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Kansas City creates a committee to study reparations for Black residents

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Clay Banks
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The homeownership rate for Black residents is 43% and for non-Black residents the homeownership rate is 76%.

Under an ordinance passed by Kansas City Council this month, the city has 90 days to form a commission tasked with looking into slavery reparations for Black residents.

Kansas City is taking a big step towards reparations for the Black community.

On Jan. 12, City Council voted 10-1 to approved Ordinance No. 220966, which expresses "apologies on behalf of the City of Kansas City" and establishes an intent to "make amends for its participation in the sanctioning of the enslavement of Black people and any historical enforcement of segregation and accompanying discriminatory practices against Black citizens of Kansas City."

The city has 90 days to form a Mayor's Commission on Reparations, which will be tasked with developing proposals focused on issues such as housing, economic development, health, education and criminal justice.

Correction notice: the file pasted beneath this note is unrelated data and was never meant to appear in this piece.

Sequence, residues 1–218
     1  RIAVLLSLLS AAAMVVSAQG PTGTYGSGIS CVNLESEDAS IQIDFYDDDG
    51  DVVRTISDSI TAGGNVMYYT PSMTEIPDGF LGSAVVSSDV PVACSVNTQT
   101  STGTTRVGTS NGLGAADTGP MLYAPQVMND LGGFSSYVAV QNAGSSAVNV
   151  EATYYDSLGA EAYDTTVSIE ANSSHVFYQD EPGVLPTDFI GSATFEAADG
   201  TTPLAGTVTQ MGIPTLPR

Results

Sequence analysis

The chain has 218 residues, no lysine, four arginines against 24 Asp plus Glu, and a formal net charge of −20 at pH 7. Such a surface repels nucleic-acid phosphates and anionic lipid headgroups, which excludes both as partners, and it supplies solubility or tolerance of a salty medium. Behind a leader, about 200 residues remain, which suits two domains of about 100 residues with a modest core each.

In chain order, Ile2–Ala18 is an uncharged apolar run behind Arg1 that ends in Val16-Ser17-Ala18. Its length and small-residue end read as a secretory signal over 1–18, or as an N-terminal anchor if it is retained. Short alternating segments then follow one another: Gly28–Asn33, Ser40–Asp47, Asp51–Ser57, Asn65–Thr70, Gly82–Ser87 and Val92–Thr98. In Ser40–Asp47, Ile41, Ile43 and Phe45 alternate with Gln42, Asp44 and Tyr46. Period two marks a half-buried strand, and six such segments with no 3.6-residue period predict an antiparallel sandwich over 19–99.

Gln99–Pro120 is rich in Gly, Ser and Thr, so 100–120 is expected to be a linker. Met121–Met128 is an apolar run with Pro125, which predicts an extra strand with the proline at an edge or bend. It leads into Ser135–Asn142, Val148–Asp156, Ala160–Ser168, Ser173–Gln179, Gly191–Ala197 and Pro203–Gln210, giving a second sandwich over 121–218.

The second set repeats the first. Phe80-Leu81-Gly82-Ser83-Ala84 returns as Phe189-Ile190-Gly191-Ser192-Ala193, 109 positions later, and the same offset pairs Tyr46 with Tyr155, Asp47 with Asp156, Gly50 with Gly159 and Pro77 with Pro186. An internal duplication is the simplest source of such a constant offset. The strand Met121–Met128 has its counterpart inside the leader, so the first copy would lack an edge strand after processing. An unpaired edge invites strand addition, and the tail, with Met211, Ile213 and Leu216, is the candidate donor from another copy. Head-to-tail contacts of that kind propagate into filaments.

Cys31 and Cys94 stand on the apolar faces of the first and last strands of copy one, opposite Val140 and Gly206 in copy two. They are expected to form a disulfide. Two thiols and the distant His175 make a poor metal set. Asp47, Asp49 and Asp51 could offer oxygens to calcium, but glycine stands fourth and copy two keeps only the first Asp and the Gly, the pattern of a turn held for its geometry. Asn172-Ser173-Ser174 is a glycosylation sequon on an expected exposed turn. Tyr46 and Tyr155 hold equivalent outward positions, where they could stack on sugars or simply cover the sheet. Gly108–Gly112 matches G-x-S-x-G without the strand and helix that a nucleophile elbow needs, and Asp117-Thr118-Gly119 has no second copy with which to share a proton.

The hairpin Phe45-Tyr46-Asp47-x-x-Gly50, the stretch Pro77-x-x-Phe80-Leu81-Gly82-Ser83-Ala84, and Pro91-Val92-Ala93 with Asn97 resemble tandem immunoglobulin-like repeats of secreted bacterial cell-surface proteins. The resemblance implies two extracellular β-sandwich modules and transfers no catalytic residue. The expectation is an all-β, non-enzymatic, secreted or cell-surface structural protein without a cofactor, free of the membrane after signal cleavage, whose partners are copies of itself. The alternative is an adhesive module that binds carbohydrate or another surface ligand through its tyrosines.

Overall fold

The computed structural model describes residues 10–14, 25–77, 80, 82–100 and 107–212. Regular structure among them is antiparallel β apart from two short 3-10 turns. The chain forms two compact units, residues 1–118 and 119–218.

Mickey Dean, founder of the KC Reparations Coalition, which started this movement here in Kansas City, called the vote "a step forward."

Dean joined KCUR's Up To Date to discuss reparations for Black Kansas Citians and how the community is reacting.

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When I host Up To Date each morning at 9 a.m., my aim is to engage the community in conversations about the Kansas City area’s challenges, hopes and opportunities. I try to ask the questions that listeners want answered about the day’s most pressing issues and provide a place for residents to engage directly with newsmakers. My email is steve@kcur.org.
As an assistant producer on Up To Date, my goal is to amplify voices of people who serve as pioneers in their respective fields while shedding light on issues that affect underserved communities. I produce daily conversations to uplift and inspire the people of the Kansas City area to make the world a better place. You can reach me at reginalddavid@kcur.org.
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